Russia’s invasion of Ukraine figured prominently in discussions at the U.S.-Mexico Border Summit in Downtown El Paso Thursday, which included appearances by former Mexican President Vicente Fox and former Canadian Prime Minister Stephen Harper.
“I’m terribly sad about this, but let’s hope we wake up and take a stand and tell this extremely dangerous tyrant that the world is not going to tolerate this anymore,” said Harper, who commented that he had had a “legendarily bad relationship” with Russian President Vladimir Putin during his time in office. Harper was prime minister from 2006 to 2015.
Fox echoed concerns about the situation, but was more nuanced in his assessment, saying that it was “very difficult to judge from the outside.” Fox was president of Mexico from 2000 to 2006.
He compared current events in Ukraine to the United States invasion of Iraq in 2003, advocating for a multilateral response among nations.
Of the Russia/Ukraine conflict, he said “there’s many interests involved, there’s many characters and personalities. We need to become again a multilateral sovereign system for tackling differences among nations.”
Hosted by The Borderplex Alliance, the summit’s website described the event as bringing together “the sharpest minds in business, public policy, diplomacy, and the arts from both sides of the border.” All but two of the summit’s speakers were men.
Former U.S. Rep. Will Hurd, who represented Texas’ 23rd Congressional District from 2015 to 2021, also discussed Ukraine during the event’s opening speech.
“Are we ready to defend Poland? Are we ready to defend the Baltic States? Are we ready to stand up and say we will honor our commitment to (NATO allies)?” he asked.
A former agent in the Central Intelligence Agency, Hurd has spent time in Ukraine and recently posted a video to social media explaining the conflict.
Hurd said the trilateral relationship in North America is the example that leaders can use for explaining why multi-state alliances like NATO are important for resolving problems among nations.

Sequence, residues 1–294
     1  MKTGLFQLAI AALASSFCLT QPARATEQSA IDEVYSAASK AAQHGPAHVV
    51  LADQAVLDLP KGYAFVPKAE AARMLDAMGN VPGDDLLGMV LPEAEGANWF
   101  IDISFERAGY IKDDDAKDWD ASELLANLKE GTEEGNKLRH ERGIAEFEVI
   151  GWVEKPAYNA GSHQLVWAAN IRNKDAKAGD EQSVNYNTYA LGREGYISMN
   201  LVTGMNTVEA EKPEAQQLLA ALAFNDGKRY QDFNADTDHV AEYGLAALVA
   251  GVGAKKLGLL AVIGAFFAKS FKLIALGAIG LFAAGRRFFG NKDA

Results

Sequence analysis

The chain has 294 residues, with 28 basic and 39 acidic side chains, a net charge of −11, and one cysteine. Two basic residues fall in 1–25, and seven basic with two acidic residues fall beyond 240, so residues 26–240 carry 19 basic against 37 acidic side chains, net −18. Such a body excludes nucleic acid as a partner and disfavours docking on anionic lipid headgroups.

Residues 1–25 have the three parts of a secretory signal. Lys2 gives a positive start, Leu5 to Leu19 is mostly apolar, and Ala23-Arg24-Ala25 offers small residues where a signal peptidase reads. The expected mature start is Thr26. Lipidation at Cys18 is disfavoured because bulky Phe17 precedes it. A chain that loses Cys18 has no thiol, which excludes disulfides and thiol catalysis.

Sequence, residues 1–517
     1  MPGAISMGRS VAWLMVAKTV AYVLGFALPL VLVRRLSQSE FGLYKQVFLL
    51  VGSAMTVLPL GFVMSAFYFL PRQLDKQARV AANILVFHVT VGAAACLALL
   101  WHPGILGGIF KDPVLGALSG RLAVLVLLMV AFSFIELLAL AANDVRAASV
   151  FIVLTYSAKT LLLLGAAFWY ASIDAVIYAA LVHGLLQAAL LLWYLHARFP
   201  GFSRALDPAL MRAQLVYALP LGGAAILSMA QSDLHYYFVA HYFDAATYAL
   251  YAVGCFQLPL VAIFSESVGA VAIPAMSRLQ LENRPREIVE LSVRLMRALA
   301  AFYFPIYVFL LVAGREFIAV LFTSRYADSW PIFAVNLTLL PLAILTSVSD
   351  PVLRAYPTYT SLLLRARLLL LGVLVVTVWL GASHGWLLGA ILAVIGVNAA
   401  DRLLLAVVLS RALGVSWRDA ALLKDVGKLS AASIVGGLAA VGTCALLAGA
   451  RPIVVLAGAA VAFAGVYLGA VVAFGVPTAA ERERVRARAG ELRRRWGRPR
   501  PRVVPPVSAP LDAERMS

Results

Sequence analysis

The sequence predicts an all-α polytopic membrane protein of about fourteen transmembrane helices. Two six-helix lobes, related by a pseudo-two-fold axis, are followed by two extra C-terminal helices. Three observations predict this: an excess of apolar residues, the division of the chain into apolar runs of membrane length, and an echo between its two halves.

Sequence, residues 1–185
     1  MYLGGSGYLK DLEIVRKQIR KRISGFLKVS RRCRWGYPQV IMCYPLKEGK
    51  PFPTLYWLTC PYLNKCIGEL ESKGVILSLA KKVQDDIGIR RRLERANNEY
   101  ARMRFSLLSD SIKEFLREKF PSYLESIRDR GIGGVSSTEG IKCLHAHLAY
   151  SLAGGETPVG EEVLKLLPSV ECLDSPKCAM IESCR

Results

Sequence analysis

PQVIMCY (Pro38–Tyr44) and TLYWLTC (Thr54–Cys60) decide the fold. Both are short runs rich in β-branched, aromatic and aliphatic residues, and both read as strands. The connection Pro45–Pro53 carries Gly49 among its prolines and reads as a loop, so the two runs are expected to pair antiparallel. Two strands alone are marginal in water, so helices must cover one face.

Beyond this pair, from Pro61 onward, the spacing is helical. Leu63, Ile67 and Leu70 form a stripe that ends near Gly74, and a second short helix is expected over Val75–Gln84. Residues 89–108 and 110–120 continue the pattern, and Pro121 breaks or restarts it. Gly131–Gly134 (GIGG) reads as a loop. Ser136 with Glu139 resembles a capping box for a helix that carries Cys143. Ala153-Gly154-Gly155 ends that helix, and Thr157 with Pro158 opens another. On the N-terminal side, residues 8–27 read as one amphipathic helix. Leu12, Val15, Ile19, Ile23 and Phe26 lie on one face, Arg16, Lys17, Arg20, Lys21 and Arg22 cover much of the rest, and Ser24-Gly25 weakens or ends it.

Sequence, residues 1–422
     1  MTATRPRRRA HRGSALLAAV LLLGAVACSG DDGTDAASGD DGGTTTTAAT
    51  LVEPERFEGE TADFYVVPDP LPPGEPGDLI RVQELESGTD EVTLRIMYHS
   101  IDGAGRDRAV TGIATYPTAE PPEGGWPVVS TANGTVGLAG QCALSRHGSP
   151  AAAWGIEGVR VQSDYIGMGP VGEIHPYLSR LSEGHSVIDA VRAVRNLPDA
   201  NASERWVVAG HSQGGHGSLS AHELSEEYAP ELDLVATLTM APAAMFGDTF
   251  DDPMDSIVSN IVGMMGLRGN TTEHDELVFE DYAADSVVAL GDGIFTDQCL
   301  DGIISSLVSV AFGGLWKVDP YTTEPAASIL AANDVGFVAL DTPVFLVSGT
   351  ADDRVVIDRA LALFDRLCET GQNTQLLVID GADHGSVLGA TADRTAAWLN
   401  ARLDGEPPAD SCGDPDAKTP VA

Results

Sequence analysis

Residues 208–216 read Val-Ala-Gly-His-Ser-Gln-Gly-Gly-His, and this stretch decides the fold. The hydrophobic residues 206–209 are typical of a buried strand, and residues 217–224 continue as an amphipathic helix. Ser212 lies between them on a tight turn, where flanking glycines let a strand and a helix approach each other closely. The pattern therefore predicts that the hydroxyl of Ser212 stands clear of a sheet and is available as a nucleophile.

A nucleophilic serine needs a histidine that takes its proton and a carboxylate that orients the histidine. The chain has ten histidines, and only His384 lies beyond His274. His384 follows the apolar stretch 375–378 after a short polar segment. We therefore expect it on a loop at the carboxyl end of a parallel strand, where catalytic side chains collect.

The event was staged at the Plaza Hotel Pioneer Park and Hotel Paso del Norte in Downtown El Paso. Approximately 540 people were in attendance, according to Jon Barela, CEO of Borderplex Alliance.
Both former heads of state commented on the large indoor gathering within the context of the COVID-19 pandemic.
“I’m delighted that I’m in front of such a large crowd,” Harper said, explaining that he has done few events since the pandemic and the summit was by far the largest. “I’m glad you’ve declared COVID over,” he said, met with applause by the mostly maskless audience.
Fox said it was “refreshing” to be able to sit together. Fox and his wife were both hospitalized with COVID-19 in August 2021. He said that he was still recovering from the “terrible, terrible disease.”
Fox and Harper also discussed challenges and opportunities for North America in relations with China, misconceptions that U.S. residents have about Canada and China, and the significance of the North American Free Trade Agreement (and the United States-Canada-Mexico Agreement that replaced it) for the three nations.
“To make NAFTA a reality that ends up benefiting people … it’s critical that groups like you continue to do what you do,” Harper said to the Borderplex Alliance audience.
Fox highlighted income inequality as a key problem for the government and private sector to address.
“In our nations there is no economic democracy,” he said. “The economy is … controlled by a few large (actors). They don’t compete with themselves, they don’t compete with governments, they just make money.”
Feature photo: Former Mexican President Vicente Fox (far left), Borderplex Alliance CEO Jon Barela (center) and former Canadian Prime Minister Stephen Harper discussed Ukraine at the U.S.-Mexico Border Summit in Downtown El Paso. (René Kladzyk/ El Paso Matters)